Phentermine side effects include Rapid or irregular heartbeat, elevated blood pressure, and restlessness
Common phentermine side effects | Serious side effects | Elevated blood pressure | Rapid or irregular heartbeat | Risk of abuse | Side effects timeline | Contraindications | Warnings | Interactions | How to avoid side effects | How to treat side effects
Being overweight or obese is a common and major public health problem in the United States. Both conditions are associated with an increased risk of certain types of cancer, Type 2 diabetes, cardiovascular disease, and other serious conditions that contribute to a reduced quality of life. When a modified calorie diet and exercise alone fail in weight-loss attempts, healthcare providers may suggest adding a weight-loss prescription medicine.
Phentermine hydrochloride is a prescription-only appetite suppressant, also known as an anorectic, approved by the U.S. Food and Drug Administration (FDA) for short-term use for weight loss. It works by stimulating specific chemicals in the brain that tell the body it is full. Phentermine is a Schedule IV controlled substance, which means it may have the potential for abuse leading to psychological or physical dependence. The most common brand names for phentermine are Adipex-P and Lomaira.
As with any medication, it is important to be aware of adverse effects and drug interactions before beginning therapy. The following information highlights potential phentermine side effects and how to avoid them.
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Common side effects of phentermine
The most common side effects of phentermine include:
- Rapid or irregular heartbeat
- Elevated blood pressure
- Feelings of euphoria
- Feelings of dissatisfaction or anxiety (dysphoria)
- Dry mouth
- Unpleasant taste
- Libido changes
Serious side effects of phentermine
The following list includes rare but serious, side effects of phentermine:
- Decreased blood flow to the heart (cardiac ischemia)
- Rapid beating of the heart (tachycardia)
- High blood pressure
- Pulmonary hypertension
- Heart failure
- Physical or psychological dependence
- Withdrawal symptoms if abruptly discontinued
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Phentermine and primary pulmonary hypertension
Weight-control drugs, including phentermine, have been linked to a rare but serious, adverse effect known as primary pulmonary hypertension (PPH). PPH is high blood pressure in the arteries of the lungs. Symptoms of PPH may include:
- Blue lips and skin
- Chest pressure or pain
- Dizziness or fainting spells
- Rapid pulse or pounding heartbeat
- Shortness of breath (dyspnea)
Phentermine and valvular heart disease
There have been rare reports of valvular heart disease in people who have taken phentermine, particularly when paired with fenfluramine, a formerly popular combination drug called “phen-fen” that was discontinued in 1997. Valvular heart disease involves damage to one or more of the heart valves. Symptoms of valvular heart disease may include:
- Chest pain
- Palpitations caused by irregular heartbeats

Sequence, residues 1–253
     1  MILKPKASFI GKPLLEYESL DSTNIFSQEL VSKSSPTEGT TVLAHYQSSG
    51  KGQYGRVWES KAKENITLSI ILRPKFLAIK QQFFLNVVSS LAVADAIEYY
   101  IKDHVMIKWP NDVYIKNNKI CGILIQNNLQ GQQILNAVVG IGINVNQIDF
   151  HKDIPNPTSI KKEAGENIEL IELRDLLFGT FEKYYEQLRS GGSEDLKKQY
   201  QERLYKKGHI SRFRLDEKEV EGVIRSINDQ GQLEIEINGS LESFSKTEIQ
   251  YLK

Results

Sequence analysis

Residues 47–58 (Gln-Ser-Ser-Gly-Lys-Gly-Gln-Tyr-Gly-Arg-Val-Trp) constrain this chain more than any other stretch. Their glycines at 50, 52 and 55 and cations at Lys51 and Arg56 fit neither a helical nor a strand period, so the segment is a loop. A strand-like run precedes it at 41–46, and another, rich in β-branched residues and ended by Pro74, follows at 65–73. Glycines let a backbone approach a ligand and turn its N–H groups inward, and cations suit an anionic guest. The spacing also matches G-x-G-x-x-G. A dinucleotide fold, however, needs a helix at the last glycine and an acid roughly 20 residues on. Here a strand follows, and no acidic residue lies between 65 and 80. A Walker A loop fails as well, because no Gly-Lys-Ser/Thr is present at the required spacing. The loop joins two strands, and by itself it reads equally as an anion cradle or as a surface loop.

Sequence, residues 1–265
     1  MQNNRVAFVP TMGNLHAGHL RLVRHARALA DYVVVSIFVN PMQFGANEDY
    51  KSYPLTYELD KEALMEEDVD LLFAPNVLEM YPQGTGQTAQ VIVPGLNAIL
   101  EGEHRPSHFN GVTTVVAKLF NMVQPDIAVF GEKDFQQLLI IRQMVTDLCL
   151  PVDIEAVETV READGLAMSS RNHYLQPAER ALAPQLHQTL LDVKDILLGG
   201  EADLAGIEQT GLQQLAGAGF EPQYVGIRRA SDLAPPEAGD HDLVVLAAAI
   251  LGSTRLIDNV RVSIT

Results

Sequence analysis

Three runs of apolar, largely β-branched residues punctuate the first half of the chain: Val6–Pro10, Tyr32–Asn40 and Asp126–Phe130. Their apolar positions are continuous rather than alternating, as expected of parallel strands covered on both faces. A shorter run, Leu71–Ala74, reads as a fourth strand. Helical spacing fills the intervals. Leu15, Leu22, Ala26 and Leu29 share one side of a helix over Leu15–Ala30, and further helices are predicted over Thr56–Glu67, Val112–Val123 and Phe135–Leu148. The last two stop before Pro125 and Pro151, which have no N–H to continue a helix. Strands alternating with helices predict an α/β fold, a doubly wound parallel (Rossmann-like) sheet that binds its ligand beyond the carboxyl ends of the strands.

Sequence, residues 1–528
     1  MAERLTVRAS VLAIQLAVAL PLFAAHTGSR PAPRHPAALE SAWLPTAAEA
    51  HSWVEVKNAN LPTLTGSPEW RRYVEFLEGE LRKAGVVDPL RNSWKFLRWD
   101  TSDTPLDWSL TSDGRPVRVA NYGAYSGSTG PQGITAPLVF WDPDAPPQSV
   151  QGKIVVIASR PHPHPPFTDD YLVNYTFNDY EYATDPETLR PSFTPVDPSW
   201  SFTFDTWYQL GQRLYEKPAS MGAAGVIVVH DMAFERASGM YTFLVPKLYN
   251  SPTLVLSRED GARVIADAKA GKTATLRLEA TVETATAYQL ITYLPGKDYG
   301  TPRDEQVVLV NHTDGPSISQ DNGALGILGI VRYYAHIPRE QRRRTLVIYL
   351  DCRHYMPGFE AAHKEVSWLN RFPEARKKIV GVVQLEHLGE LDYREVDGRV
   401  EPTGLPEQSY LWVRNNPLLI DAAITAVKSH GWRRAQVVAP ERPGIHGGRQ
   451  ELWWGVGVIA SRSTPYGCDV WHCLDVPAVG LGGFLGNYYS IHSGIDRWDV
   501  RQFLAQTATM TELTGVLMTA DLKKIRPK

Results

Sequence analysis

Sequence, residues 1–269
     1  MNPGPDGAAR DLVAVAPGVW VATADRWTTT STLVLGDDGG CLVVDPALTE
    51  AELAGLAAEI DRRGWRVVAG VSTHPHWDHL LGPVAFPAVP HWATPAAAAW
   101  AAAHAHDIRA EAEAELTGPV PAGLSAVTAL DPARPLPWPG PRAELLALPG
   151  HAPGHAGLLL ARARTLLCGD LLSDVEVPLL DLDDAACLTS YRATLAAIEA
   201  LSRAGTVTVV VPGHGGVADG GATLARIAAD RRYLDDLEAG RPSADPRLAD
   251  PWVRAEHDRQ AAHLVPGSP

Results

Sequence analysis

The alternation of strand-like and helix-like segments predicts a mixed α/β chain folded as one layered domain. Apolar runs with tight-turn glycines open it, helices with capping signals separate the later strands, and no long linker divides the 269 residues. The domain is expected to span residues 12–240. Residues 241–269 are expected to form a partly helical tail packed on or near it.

- Low or high blood pressure
- Shortness of breath
Phentermine and risk of abuse
Phentermine is a Schedule IV controlled substance, meaning it carries a risk of abuse and dependence. It is chemically and pharmacologically similar to amphetamines and other stimulant drugs that are subject to abuse. Because it is a stimulant, it can be abused to create a high, particularly when taken in large doses. Phentermine is considered safe when taken as prescribed by a healthcare professional.
How soon do phentermine side effects start?
Many of the most commonly experienced side effects of phentermine occur when initiating therapy but should begin to lessen once the body adjusts to the drug. Less common but more serious side effects, include heart problems, such as primary pulmonary hypertension or valvular heart disease, are typically associated with longer-term use or taking higher than prescribed doses.
How long do phentermine side effects last?
The recommended duration of the therapy with phentermine is three to six weeks, with a maximum of three months, and the more commonly experienced side effects should end when the medication is stopped, if not sooner as the body adjusts to the medicine.
What are the long-term side effects of phentermine?
Although the FDA-approved use of phentermine is for no longer than three months, there is clinical evidence to support that the use of phentermine for longer-term therapy may be safe and effective. The study found that those who used phentermine for longer than three months did not have increased cardiovascular adverse effects such as high blood pressure or an increased risk of heart attack, stroke, or death.
You should not use phentermine if you have any of the following conditions:
- History of cardiovascular disease (e.g., coronary artery disease, stroke, arrhythmias, congestive heart failure, uncontrolled hypertension)
- Within 14 days of taking a monoamine oxidase inhibitor
- Agitated state
- History of drug abuse
- Are pregnant, trying to become pregnant, or breastfeeding
- Have a known allergy to any active or inactive ingredients
Children and adolescents